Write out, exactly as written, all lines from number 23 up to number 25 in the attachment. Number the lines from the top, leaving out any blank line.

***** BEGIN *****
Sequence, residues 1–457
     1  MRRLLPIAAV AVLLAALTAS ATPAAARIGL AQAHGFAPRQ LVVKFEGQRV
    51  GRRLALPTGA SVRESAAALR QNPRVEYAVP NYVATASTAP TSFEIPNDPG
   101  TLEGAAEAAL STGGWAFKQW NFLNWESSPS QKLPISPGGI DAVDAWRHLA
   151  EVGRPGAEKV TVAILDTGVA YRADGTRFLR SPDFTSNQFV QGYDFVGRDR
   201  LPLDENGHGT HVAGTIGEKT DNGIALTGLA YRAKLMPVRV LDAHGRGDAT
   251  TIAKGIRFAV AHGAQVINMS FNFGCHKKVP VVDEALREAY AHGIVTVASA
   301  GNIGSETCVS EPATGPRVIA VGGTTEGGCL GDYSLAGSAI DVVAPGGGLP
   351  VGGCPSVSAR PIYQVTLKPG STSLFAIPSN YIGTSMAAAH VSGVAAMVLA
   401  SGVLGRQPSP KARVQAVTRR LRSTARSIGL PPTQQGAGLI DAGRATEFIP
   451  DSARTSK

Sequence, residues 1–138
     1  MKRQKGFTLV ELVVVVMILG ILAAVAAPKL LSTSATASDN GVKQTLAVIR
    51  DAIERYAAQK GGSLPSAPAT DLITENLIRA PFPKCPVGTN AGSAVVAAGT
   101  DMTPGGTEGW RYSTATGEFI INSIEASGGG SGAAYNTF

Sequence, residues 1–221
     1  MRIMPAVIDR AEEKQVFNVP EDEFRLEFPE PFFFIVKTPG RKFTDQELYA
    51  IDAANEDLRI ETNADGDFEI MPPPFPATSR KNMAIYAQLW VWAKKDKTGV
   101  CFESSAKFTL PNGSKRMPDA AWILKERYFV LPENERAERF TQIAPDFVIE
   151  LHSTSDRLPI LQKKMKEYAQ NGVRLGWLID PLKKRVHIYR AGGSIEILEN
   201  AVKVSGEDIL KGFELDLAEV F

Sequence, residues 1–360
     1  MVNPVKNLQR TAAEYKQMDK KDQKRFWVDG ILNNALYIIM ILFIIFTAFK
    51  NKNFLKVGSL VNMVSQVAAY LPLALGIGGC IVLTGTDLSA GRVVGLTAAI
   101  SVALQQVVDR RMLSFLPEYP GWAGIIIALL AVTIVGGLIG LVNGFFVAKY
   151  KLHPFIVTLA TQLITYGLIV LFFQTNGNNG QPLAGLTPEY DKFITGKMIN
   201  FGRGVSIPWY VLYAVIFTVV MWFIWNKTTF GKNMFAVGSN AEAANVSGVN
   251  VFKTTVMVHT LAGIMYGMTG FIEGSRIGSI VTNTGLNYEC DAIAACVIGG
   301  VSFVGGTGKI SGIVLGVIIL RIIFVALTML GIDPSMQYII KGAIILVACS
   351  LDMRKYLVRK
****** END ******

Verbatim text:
     1  MVNPVKNLQR TAAEYKQMDK KDQKRFWVDG ILNNALYIIM ILFIIFTAFK
    51  NKNFLKVGSL VNMVSQVAAY LPLALGIGGC IVLTGTDLSA GRVVGLTAAI
   101  SVALQQVVDR RMLSFLPEYP GWAGIIIALL AVTIVGGLIG LVNGFFVAKY